Reiko Kanazawa reflects on a workshop series about Scotland and AIDS crisis during the COVID-19 pandemic. Organising a workshop during a pandemic is daunting. So also is talking about AIDS while each country is
Samuel Ernest reflects on HIV/AIDS and the study of the Catholic Church since the 1980s In Christian theology, HIV/AIDS has been considered primarily within the context of ecclesiology, or the study of the church,
Louisa Hann reviews Robb Hernández’s Archiving an Epidemic: Art, AIDS, and the Queer Avant-Garde (New York: New York University Press, 2019). The broad and ever-expanding domain of HIV/AIDS arts and performance scholarship has faced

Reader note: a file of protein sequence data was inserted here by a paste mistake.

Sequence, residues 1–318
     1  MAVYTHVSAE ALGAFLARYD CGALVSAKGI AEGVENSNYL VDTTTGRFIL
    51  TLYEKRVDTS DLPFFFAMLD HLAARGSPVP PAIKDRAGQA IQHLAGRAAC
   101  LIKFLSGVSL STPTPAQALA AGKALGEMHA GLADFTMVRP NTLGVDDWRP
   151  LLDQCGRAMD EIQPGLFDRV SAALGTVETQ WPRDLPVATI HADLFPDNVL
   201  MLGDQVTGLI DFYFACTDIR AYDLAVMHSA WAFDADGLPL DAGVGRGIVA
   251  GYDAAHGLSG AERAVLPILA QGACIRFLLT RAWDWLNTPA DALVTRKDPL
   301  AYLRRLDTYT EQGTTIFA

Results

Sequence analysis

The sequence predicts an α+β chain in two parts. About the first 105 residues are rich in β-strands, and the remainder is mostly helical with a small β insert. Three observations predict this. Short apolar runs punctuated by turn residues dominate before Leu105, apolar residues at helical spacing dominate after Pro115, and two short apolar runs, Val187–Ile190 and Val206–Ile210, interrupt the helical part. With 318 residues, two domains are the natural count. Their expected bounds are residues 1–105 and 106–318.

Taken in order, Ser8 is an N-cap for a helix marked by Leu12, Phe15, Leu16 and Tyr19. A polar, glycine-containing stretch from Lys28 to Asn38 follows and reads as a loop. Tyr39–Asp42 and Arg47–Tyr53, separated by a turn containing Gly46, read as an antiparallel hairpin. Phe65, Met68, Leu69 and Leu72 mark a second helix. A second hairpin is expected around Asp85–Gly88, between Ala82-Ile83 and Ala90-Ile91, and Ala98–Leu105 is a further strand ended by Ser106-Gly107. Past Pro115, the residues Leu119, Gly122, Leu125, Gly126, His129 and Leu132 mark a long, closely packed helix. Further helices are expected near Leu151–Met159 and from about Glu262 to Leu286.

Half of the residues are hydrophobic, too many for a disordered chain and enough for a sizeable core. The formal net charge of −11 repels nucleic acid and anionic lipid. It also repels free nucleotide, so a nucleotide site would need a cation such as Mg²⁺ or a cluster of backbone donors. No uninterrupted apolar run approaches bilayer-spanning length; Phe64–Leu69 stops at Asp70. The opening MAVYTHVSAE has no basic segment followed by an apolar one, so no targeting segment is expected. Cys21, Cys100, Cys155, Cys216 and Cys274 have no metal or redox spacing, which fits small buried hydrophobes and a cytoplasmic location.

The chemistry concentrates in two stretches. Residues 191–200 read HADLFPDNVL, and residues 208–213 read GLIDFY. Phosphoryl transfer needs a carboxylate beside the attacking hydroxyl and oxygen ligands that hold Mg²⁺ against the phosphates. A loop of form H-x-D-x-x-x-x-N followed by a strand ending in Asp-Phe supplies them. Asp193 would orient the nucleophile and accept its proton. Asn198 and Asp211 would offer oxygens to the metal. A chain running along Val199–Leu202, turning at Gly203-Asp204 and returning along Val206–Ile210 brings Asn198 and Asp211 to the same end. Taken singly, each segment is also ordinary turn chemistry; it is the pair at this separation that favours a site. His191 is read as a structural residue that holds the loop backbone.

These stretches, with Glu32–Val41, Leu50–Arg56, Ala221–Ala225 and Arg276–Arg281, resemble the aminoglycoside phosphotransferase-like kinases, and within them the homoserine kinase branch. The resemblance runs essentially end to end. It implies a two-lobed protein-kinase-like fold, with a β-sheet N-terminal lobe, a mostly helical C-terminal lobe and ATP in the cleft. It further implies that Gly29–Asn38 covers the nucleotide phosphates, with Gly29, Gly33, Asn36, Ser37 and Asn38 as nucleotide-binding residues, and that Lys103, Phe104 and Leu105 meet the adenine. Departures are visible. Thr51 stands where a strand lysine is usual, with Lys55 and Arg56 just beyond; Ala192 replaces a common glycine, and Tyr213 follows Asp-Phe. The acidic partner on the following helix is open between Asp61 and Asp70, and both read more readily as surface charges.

Ash John discusses tensions between representing sexual desire and the moral histories of HIV/AIDS in contemporary AIDS theatre. What we think of now as the AIDS Crisis has become both a cultural and historical
Is it possible to address the AIDS pandemic without recourse to metaphor? Yes, argues Mícheál McCann, citing the ‘admirable ordinariness’ of Marie Howe’s 1997 collections of poems ‘What the Living Do’.
In the age of PrEP and U=U, why does queer young adult fiction remain nostalgic for early AIDS narratives? asks Gabriel Duckels, Harding Distinguished Postgraduate Scholar at the Centre for Research in Children’s Literature at the University of Cambridge.
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